"It's only exhausting if you let it in," said a friend of mine the other day. She was responding to my comment that I often find it exhausting to live in Jerusalem. It's probably because of a trait that I inherited from my Jewish mother and grandmother: I worry. Except while my grandmother worried that I would be abducted in the streets of my hometown of Queens, New York and my mother worried that I would never find a husband, my worries have an arid desert tinge.
When I hear that the Kinneret, one of the main sources of water for the entire country, is far below its healthy level and we're not getting the rain we need, I worry.
When investigations for a newspaper story revealed to me that Jerusalem is on a volatile fault line and that a Big One can strike anytime, I started to worry and haven't really stopped since. Experts say it will certainly happen soon, it's just a matter of when. As I write this, I have visions of this huge, tenement-like apartment complex collapsing like a child's pile of blocks. Perhaps nature will ultimately resolve the disputes over Jerusalem's holy sites by destroying them all, but -- perhaps selfishly -- I'd rather not be here when it happens.
And there is the little issue of living in the Middle East. The last two terrorist attacks -- one with a bulldozer, another with a car -- took place a short distance away from my apartment. My husband and I were watching Alan Ball's True Blood when we realized that the noise of sirens was not going to stop. We ran to the window and saw two, three, four police cars and an ambulance heading toward to the Old City walls.
Eschewing community life, my husband and I chose an apartment in downtown Jerusalem, in the only residential building on our street. Construction cranes dip and load in sight of our home, hard at work on a tony real estate project that it's doubtful anyone can afford now. Traffic and club music are a continuous roar through the single-paned windows, day and night.
We are also at a critical junction in Jerusalem geography: barely two blocks from east Jerusalem, with a view of the Old City. We can see the sixteenth century walls from our window, illuminated against the night. A church clock tower looming beyond the walls keeps watch at our kitchen window as we make dinner. When I have insomnia at three in the morning, the lonely call of the muezzin from Al Aqsa Mosque punctures the silence. When I oversleep on Saturday morning, I wake to the solemn chime of the eleven o'clock church bells.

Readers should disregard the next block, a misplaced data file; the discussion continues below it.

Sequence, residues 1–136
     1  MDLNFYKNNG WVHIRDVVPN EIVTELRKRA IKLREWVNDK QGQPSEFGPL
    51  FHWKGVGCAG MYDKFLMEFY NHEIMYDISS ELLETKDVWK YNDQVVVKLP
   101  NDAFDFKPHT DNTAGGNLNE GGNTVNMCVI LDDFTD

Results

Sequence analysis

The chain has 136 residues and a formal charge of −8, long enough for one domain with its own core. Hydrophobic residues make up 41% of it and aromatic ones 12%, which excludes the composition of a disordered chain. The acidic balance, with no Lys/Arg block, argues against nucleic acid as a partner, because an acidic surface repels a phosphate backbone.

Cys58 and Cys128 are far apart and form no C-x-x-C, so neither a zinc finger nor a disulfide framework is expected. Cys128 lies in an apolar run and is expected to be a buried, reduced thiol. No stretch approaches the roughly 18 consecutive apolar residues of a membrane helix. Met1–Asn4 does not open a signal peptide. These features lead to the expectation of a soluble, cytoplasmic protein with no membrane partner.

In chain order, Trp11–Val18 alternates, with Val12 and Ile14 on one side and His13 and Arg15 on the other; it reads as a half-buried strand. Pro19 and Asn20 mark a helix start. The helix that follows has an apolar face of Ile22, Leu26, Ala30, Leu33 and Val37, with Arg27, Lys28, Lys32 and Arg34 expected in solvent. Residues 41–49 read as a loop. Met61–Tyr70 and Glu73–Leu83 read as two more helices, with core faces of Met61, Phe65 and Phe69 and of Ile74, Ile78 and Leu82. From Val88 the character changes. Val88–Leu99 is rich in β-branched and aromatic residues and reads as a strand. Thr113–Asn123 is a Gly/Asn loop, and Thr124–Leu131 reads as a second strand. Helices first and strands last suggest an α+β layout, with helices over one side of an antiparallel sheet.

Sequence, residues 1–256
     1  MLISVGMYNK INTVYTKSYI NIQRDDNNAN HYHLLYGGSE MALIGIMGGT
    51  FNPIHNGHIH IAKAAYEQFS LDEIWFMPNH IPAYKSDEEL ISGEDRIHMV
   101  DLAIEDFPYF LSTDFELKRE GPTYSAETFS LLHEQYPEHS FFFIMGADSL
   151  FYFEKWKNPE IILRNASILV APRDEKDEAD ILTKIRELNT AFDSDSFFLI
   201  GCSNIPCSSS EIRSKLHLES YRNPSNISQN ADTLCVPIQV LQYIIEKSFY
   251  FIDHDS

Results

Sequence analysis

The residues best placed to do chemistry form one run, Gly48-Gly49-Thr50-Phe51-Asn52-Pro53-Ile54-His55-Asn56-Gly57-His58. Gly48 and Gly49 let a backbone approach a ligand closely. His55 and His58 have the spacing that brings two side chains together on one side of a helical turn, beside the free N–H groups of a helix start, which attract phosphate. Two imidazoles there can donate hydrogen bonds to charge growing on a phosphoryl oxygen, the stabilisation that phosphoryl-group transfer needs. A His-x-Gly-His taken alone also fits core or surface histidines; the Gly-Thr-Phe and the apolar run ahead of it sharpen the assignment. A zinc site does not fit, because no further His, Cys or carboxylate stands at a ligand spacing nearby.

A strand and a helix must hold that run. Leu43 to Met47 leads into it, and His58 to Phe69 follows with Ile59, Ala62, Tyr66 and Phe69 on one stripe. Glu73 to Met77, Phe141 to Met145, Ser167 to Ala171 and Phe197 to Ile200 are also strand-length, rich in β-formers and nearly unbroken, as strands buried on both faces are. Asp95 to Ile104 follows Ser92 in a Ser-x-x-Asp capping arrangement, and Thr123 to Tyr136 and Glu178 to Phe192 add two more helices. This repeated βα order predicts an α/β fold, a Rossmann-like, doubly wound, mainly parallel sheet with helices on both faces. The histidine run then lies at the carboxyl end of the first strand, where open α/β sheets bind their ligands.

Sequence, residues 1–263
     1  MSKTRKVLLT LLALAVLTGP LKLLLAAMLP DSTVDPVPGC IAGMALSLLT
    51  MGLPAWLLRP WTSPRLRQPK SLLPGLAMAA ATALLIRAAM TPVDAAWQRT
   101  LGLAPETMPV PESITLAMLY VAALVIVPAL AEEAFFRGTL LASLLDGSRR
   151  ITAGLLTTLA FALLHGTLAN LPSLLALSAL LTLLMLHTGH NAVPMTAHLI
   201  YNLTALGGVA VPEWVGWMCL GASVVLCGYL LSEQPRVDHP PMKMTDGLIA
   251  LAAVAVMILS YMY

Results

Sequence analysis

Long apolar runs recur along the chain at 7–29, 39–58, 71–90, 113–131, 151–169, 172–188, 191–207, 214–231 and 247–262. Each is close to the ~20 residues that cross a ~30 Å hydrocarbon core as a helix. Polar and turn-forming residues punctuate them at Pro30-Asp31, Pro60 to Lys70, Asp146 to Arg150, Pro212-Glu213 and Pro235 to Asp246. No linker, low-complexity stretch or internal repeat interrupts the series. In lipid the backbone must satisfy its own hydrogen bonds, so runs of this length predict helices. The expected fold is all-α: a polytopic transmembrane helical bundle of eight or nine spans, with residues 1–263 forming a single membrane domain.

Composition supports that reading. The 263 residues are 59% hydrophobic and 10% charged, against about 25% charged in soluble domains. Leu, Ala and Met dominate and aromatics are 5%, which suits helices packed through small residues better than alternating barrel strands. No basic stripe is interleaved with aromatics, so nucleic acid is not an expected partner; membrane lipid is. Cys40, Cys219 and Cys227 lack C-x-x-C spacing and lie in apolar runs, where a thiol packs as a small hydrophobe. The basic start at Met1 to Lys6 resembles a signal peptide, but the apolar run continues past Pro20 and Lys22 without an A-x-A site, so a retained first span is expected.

So we had a remarkably good view of the last attack, which occurred at a busy intersection near the Old City walls. We saw people running frantically toward the scene -- admirable, I thought, since I would most certainly have run the other way. It was later that we found out that a car had plowed into a group of people on the sidewalk.
Jack and I immediately sent text messages to our family and close friends, letting them know we were okay. After all, we could have been crossing that street, during one of our occasional walks into the Old City.
Later that night, as I was turning out the lights, I glanced out the window at the streets of downtown Jerusalem and saw a group of high school age girls dancing in the streets. Their long skirts pegged them immediately as religious Jews. They were singing in Hebrew, the same phrase over and over. Their voices pierced the thin single-paned windows. "Don't be afraid...Don't be afraid."
I drew away from the window, wishing I had their conviction, their courage. Because when I walk the streets, when I go into shops, and certainly when I take buses, I am afraid. Life in New York was no picnic, and 9/11 made it clear that no place in the world is immune to terror. Certainly the horror of Mumbai has shown us that much.
But Israel is a hotbed of tension in a way that I have not experienced anywhere else. I'm tightly connected to the place -- through my parents, friends, and years spent here during some of the most traumatic moments in the country's history. I continually find myself torn between wanting to make a run for it and wanting to stand with the people I love.
Remembering the singing of those girls makes me smile, even if I cannot share in their bravery. It makes me proud to know that not every Israeli has inherited the Jewish worrier genes; that there are people who can look into the darkness, and still dance.